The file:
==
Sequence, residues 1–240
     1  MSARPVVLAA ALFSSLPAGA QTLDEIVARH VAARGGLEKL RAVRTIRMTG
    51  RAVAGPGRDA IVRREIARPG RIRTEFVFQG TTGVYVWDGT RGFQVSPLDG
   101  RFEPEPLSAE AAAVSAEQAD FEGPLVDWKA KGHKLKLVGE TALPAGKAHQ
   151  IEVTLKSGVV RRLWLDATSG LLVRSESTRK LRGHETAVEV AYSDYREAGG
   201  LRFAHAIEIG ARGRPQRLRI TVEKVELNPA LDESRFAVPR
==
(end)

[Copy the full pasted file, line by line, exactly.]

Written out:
Sequence, residues 1–240
     1  MSARPVVLAA ALFSSLPAGA QTLDEIVARH VAARGGLEKL RAVRTIRMTG
    51  RAVAGPGRDA IVRREIARPG RIRTEFVFQG TTGVYVWDGT RGFQVSPLDG
   101  RFEPEPLSAE AAAVSAEQAD FEGPLVDWKA KGHKLKLVGE TALPAGKAHQ
   151  IEVTLKSGVV RRLWLDATSG LLVRSESTRK LRGHETAVEV AYSDYREAGG
   201  LRFAHAIEIG ARGRPQRLRI TVEKVELNPA LDESRFAVPR